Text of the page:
There is little so empowering as the thought of being your own boss. You set the priorities. You set the hours. You control your own success. It should come as no surprise, then, that women are increasingly grabbing the bull by the horns and seeking to make their own mark in the business world. According to a 2018 report from American Express, four out of every ten small business owners today are women, up more than 58% since 2007. That trend isn’t slowing.
This surge in entrepreneurship has been heavily facilitated by the digital age. Rapid fire connection and information flow, access to a broader audience, and availability of resources have made it easier, in some respects, to strike out on one’s own. What once might have seemed like a pipe dream for launching one’s own business is now feasible with one person, a computer, and a little bit of gumption. No need to worry about pesky things like employee time tracking or employment contracts… not yet, at least.
Scaling beyond that one person in front of a computer, however, can be more than a little challenging. The ins and outs of running a business where it’s more than just your paycheck on the line are complex, but, luckily, the same rich digital environment that has opened the doors for many a dreamer also offers a variety of tools that can ease some of those growing pains.
Not sure where to look? Here are four big ones to help female entrepreneurs get the ball rolling.
For a number of entrepreneurs who originally struck out on their own, the plan was simple: get paid. But once you’ve moved beyond the initial hurdle of making sure there’s money coming into the bank, it’s time to take a step back and start thinking about how best to build your operations to ensure more money is coming in over time in a sustainable fashion. That doesn’t mean you have to have an MBA from Harvard. Bplans.com offers more than 500 free sample business plans that can give you a starting point for plotting your path forward.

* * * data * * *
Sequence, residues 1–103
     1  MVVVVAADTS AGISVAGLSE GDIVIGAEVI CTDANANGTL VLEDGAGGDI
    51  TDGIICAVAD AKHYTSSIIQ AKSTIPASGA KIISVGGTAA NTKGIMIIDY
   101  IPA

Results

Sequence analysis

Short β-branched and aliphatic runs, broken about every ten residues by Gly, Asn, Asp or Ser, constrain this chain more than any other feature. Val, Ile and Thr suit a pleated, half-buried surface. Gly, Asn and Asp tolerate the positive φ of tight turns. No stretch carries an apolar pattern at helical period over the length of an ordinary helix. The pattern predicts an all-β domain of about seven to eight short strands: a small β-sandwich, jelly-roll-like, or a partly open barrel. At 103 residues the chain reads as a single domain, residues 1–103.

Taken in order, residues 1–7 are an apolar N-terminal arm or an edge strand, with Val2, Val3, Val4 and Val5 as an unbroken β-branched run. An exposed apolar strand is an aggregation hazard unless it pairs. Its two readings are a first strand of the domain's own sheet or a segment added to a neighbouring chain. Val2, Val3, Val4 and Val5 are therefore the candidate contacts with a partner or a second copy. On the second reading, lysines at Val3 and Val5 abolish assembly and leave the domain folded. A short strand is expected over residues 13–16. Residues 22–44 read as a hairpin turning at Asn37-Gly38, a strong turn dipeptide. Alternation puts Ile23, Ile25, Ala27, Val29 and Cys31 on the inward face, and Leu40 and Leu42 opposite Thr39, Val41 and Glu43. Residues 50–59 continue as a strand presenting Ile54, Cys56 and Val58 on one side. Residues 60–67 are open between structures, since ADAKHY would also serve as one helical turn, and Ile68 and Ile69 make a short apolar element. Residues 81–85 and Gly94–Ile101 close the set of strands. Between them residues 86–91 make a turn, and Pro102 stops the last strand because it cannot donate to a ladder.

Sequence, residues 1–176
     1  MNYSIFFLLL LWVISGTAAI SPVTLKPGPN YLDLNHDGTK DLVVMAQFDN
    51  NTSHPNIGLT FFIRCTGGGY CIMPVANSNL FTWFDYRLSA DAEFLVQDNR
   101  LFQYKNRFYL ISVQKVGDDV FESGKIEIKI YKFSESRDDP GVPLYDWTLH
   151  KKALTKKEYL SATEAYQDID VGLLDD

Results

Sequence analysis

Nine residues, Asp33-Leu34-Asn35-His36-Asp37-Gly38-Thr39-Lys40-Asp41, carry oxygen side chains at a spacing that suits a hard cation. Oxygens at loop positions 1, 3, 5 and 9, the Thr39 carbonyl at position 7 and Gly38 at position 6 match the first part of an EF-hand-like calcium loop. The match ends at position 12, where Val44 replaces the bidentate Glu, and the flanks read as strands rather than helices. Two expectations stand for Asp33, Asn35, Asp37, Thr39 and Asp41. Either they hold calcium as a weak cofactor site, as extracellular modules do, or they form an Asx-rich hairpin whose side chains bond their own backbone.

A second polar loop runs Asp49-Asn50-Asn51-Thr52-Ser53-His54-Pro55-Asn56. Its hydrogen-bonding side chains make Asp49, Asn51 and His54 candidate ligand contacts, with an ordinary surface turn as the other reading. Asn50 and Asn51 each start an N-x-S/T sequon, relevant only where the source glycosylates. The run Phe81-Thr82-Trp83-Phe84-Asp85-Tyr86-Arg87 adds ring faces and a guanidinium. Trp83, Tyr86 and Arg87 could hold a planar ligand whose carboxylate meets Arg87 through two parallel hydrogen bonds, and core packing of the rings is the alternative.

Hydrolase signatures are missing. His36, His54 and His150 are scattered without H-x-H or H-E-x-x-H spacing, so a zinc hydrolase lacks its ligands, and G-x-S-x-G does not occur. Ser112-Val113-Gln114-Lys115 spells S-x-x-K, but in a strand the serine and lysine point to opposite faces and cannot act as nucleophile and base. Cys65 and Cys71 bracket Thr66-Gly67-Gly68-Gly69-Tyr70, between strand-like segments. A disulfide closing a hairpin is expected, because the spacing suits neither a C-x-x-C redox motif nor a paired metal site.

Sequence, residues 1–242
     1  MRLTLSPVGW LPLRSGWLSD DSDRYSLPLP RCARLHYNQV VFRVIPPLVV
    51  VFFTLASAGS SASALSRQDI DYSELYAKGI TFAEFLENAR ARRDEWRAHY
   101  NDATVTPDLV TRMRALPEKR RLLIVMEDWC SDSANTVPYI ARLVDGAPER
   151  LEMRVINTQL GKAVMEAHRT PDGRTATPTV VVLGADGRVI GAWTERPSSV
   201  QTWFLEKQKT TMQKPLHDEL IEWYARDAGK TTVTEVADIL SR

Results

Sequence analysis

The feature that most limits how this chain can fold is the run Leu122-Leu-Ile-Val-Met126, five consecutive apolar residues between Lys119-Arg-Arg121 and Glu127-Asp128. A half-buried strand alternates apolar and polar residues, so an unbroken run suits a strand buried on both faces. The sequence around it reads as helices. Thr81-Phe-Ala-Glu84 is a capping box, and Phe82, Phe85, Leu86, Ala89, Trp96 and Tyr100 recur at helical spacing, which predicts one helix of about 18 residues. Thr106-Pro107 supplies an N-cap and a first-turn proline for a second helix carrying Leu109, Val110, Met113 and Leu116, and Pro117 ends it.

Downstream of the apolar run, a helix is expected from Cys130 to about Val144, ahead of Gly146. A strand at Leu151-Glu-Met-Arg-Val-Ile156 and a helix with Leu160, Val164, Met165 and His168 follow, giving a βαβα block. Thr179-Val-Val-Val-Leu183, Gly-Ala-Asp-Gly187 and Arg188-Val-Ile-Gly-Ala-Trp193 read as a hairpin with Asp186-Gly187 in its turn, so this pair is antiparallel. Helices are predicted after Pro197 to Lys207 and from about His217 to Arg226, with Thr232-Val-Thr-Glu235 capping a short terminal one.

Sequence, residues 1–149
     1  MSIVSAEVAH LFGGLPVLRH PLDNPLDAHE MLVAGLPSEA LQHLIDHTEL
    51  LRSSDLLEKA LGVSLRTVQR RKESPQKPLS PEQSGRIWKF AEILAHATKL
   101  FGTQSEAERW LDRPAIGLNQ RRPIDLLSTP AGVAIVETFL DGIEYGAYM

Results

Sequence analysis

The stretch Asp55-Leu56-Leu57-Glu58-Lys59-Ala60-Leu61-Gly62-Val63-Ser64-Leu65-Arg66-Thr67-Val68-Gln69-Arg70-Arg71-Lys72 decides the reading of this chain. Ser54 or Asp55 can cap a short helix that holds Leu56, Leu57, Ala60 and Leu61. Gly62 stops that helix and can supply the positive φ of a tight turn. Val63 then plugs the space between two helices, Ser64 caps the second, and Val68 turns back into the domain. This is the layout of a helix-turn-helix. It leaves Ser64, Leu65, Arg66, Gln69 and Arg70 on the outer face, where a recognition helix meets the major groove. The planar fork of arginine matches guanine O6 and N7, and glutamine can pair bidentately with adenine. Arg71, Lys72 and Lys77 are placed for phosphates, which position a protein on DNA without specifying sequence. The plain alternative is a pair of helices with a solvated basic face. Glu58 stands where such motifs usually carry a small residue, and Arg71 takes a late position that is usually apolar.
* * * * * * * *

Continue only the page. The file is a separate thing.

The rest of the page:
As a company grows beyond a party of one, there are new complications in the mix. How will employees be compensated? How will their contributions be tracked? In settings featuring contract work, the math is simple; a deliverable gets payment. In some cases, however, you may find yourself in need of reliable hourly support, and, in turn, a tool to help track the hours logged.
That’s where Buddy Punch comes in. Designed by a business owner who had previously been reliant on paper time cards for his multiple storefronts, the software allows a small business owner to centralize and streamline the time tracking functionality of their workforce. Custom pay structures, scheduling, PTO tracking, integrations with platforms like QuickBooks, mobile applications, and even facial recognition options are all included, giving small business owners a powerful, flexible tool for scaling their business and managing their workforce.
It was one thing when you were operating with clients on an agreement and a handshake, but as your book of business grows, you start hiring new people, and new expenses may come into play, another important and often expensive element of running your business will be the legal side of things. In some cases, hiring an attorney to get things 100% bulletproof is the only real option. In other cases, however, it might not be necessary or immediately feasible.
Docracy can help fill the void. An open source treasure trove of enforceable legal agreements of all sorts, you’ll be able to find examples of almost any kind of contract you might need during the course of running your business, easily modified to suit your purposes. It’s community driven, with transparent sourcing and social proof available to help you best understand the applications of the contracts in question. While you’ll likely want to have an attorney take a look at documents resulting from your digging here, it’s a low resource starting point that can help protect you during lean growth periods.
When first starting a business, you might not have a million people to keep in touch with at once. Over time (hopefully), that changes. As your prospect and client lists grow, your contact list will likely no longer be adequate to manage communications, and will certainly fall short in terms of facilitating a robust marketing or communications strategy.
MailChimp is a great solution at this point in the business growth cycle. Each month you’ll be able to send up to 12,000 total emails to 2,000 subscribers for free! Paid accounts increase the amount of emails and subscribers you can tap and unlock additional features. The easy to use interface, template design options, and actionable reporting make MailChimp a favorite among even larger brands, but it’s distinctly beneficial for a small business that needs more than an inbox to get the job done but doesn’t quite need to pay for a full blown CRM yet.